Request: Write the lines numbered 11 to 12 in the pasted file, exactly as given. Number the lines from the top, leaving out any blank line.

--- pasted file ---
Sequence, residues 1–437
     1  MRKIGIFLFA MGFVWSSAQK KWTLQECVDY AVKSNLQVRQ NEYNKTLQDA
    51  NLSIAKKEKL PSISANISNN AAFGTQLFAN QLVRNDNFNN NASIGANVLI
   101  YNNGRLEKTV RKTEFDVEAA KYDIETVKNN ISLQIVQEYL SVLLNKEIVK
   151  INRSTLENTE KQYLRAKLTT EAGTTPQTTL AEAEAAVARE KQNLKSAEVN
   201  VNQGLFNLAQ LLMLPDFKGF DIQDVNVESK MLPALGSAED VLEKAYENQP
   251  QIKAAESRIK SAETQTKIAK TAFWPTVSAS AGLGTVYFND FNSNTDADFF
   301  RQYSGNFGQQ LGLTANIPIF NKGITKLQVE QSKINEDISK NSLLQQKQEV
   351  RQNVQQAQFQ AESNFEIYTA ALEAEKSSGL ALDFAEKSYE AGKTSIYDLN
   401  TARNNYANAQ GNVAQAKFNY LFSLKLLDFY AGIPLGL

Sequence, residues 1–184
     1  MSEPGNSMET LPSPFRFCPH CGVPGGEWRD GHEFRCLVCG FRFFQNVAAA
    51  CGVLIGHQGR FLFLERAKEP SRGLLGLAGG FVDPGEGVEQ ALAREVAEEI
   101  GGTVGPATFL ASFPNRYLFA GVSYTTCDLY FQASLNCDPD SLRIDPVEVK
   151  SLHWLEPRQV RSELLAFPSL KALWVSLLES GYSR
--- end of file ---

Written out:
Sequence, residues 1–184
     1  MSEPGNSMET LPSPFRFCPH CGVPGGEWRD GHEFRCLVCG FRFFQNVAAA